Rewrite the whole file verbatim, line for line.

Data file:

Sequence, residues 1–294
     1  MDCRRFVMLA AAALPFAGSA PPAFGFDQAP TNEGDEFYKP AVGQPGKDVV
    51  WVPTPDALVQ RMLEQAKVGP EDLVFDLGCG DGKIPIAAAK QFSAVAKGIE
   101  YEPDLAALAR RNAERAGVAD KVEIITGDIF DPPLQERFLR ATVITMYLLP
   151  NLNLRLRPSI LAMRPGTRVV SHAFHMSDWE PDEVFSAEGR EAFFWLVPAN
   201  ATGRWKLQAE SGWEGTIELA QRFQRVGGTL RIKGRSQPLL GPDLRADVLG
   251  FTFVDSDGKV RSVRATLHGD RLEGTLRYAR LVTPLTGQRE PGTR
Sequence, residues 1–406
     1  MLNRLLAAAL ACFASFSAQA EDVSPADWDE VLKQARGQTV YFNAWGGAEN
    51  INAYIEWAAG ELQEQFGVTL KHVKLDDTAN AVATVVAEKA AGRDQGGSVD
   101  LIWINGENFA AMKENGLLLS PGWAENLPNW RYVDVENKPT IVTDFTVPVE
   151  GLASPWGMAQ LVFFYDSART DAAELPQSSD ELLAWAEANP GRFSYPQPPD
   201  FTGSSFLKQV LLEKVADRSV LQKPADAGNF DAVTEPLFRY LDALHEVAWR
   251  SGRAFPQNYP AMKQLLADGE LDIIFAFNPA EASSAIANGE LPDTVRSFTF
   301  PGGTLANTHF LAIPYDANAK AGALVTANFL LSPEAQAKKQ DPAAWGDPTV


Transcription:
Sequence, residues 1–294
     1  MDCRRFVMLA AAALPFAGSA PPAFGFDQAP TNEGDEFYKP AVGQPGKDVV
    51  WVPTPDALVQ RMLEQAKVGP EDLVFDLGCG DGKIPIAAAK QFSAVAKGIE
   101  YEPDLAALAR RNAERAGVAD KVEIITGDIF DPPLQERFLR ATVITMYLLP
   151  NLNLRLRPSI LAMRPGTRVV SHAFHMSDWE PDEVFSAEGR EAFFWLVPAN
   201  ATGRWKLQAE SGWEGTIELA QRFQRVGGTL RIKGRSQPLL GPDLRADVLG
   251  FTFVDSDGKV RSVRATLHGD RLEGTLRYAR LVTPLTGQRE PGTR
Sequence, residues 1–406
     1  MLNRLLAAAL ACFASFSAQA EDVSPADWDE VLKQARGQTV YFNAWGGAEN
    51  INAYIEWAAG ELQEQFGVTL KHVKLDDTAN AVATVVAEKA AGRDQGGSVD
   101  LIWINGENFA AMKENGLLLS PGWAENLPNW RYVDVENKPT IVTDFTVPVE
   151  GLASPWGMAQ LVFFYDSART DAAELPQSSD ELLAWAEANP GRFSYPQPPD
   201  FTGSSFLKQV LLEKVADRSV LQKPADAGNF DAVTEPLFRY LDALHEVAWR
   251  SGRAFPQNYP AMKQLLADGE LDIIFAFNPA EASSAIANGE LPDTVRSFTF
   301  PGGTLANTHF LAIPYDANAK AGALVTANFL LSPEAQAKKQ DPAAWGDPTV